General Motors gets a new general counsel effective March 1 with the hiring of Craig Glidden to take the spot of the automaker's top attorney from long-time employee Michael Millikin.
As another costly Ford Explorer rollover lawsuit finally bogs to a close, the attorneys have again emerged standing on top of the flotsam. This suit, filed in California on behalf of consumers in four states who leased or bought 1991 to 2001 Ford Explorers, alleged the rollover problems associated with their vehicles diminished resale values (the lawsuit excluded personal injuries or wrongful death claims). The final settlement, authorized by a Sacramento County Superior Court Judge, awarded eac
Attorneys from Jones Day law firm representing Chrysler during bankruptcy have taken the unusual step of asking the judge to "give their fees special priority." Two reasons have been hypothesized for the move: the lawyers don't think there will be any money for trade debts from the leftover pieces of Chrysler; or the maneuver could be a ploy to get secured lenders to accept the proposed sale of Chrysler as is by suggesting that what's on the table now is as good as anyone is going to get.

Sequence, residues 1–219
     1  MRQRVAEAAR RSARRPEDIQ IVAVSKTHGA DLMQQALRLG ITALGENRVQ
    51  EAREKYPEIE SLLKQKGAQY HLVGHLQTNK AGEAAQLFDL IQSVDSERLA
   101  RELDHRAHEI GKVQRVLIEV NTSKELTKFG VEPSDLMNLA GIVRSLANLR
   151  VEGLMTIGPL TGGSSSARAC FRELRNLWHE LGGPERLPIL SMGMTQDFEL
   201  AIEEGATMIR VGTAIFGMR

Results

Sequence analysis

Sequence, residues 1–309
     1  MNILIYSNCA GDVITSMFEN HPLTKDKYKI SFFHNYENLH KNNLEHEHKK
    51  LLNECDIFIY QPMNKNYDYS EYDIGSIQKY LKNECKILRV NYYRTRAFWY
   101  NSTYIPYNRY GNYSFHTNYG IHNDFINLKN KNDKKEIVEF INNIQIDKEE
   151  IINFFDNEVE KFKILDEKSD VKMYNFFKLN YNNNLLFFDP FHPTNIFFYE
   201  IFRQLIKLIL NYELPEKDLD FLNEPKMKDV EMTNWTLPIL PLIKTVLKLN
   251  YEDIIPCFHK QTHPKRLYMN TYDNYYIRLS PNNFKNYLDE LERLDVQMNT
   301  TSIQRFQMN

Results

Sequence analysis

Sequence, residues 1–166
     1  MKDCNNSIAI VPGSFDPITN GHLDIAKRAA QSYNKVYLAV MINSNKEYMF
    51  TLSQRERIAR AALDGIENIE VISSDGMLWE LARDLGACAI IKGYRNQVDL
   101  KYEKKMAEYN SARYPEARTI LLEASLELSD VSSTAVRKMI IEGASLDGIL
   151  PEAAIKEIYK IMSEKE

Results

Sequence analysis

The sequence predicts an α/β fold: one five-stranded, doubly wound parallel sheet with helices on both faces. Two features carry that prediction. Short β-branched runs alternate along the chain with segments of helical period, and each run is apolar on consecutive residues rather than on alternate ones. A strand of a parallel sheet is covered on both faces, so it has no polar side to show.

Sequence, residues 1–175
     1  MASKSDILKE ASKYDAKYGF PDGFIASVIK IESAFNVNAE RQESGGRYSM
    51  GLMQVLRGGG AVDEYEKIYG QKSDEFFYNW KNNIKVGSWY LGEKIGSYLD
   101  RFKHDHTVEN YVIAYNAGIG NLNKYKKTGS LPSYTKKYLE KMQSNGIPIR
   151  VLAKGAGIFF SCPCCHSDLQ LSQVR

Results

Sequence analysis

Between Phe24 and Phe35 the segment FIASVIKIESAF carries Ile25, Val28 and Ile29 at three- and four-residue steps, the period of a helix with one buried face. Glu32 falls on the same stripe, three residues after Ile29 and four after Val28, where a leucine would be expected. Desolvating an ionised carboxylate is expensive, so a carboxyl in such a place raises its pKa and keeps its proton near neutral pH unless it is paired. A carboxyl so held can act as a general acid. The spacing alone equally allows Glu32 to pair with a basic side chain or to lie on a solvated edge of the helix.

A court filing by the legal firm Jones Day estimates that 38,500 Chrysler workers will lose their jobs if the bankrupt automaker fails to quickly form an alliance with Fiat SpA and is forced to liquidate. In addition, if the deal with Fiat is rejected Chrysler LLC employees will lose $9.8 billion in benefits and $2 billion in pension payments, according to the legal team.
Of all people and of all places. Normally, California is the state that launches all sorts of initiatives that drive carmakers into a frenzy. Now, The Golden State is the one asserting that the national government might need to drop a few billion large to save The Big Three -- with a few left-handed compliments to go with it, of course.
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